Why Do HGH Secretions Increase When Fasting?
Human growth hormone, or somatotropin, increases when you fast. Under normal circumstances, HGH promotes the synthesis of lean muscle and the storage of glycogen as well as fat. However, when you fast, increased levels of the hormone stimulate the breakdown of fatty tissue, according to Niels Moller of Aarhus University Hospital in Denmark. Your body needs the fat to produce energy,
How it Works
The increase in HGH during fasting helps to preserve your muscle tissue and glycogen stores while using your fat stores instead. This breakdown of fat, which is called lipolysis, releases free fatty acids and glycerol, which are then metabolized to produce energy. According to Madelon Buijs, researcher at Leiden University Medical Center in the Netherlands, levels of HGH, which is produced by the pituitary gland, rise noticeably within 13 hours after starting a fast.
In cases of a lack of HGH during fasting, protein loss from muscle increases by about 50 percent. In addition to fasting, exercise and stress can also increase HGH levels. They are also subject to much variation during the day, because your pituitary gland releases the hormone in bursts. Random measurement of HGH, as opposed to monitoring it over a period, is not very useful. Moreover, levels in the morning will be higher, according to LabTestsOnline.org.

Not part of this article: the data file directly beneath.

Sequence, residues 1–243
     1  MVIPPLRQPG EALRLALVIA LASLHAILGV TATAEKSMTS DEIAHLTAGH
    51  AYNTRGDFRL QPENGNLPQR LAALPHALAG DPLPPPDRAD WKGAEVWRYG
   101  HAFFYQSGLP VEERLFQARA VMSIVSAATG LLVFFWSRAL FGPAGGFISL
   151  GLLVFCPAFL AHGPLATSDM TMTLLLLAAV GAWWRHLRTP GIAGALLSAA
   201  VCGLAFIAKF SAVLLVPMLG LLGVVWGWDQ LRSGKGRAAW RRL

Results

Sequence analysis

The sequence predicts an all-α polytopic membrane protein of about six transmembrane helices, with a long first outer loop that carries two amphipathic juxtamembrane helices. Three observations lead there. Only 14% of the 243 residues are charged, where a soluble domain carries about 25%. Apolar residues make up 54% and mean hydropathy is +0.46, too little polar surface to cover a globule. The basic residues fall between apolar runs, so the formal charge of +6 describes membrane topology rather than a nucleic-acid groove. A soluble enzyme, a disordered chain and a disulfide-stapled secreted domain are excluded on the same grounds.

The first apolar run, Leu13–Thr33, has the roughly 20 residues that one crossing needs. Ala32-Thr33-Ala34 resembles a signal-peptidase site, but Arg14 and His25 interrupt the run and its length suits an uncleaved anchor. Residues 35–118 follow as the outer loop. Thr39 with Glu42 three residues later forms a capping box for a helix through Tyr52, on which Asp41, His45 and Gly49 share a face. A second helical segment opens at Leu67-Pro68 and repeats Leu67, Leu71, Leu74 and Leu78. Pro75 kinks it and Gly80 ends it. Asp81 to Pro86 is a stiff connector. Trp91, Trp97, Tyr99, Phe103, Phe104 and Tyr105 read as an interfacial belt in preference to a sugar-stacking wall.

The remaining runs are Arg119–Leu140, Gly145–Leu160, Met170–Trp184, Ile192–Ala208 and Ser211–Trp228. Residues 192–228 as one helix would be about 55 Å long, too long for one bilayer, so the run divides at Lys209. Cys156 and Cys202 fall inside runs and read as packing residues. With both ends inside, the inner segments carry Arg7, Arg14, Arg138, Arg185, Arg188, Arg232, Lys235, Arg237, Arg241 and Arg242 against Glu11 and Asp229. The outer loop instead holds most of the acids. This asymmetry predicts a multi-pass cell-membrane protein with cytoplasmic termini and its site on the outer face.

In nonfasting individuals, insulin regulates glucose metabolism for energy, but during periods of fasting, HGH becomes predominant. However, lipolysis may be blunted in obese individuals during periods of fasting due to different factors, one of which may be their lower levels of HGH. This effect may cause obese individuals to retain adipose tissue. However, the lower HGH may also protect them against the effects of excessively high levels of free fatty acids, which can be toxic to cells.
HGH testing is not routine. It is usually performed to help diagnose pituitary problems, which can lead to conditions such as stunted growth or gigantism. Although HGH therapy is approved for treating stunted growth in children, HGH has also attracted more general attention because of its effects on muscle and fat tissue. Synthetic HGH is available for purchase, although not much is known about its long-term safety. Consult your physician if you have questions.
Lexa W. Lee is a New Orleans-based writer with more than 20 years of experience. She has contributed to "Central Nervous System News" and the "Journal of Naturopathic Medicine," as well as several online publications. Lee holds a Bachelor of Science in biology from Reed College, a naturopathic medical degree from the National College of Naturopathic Medicine and served as a postdoctoral researcher in immunology.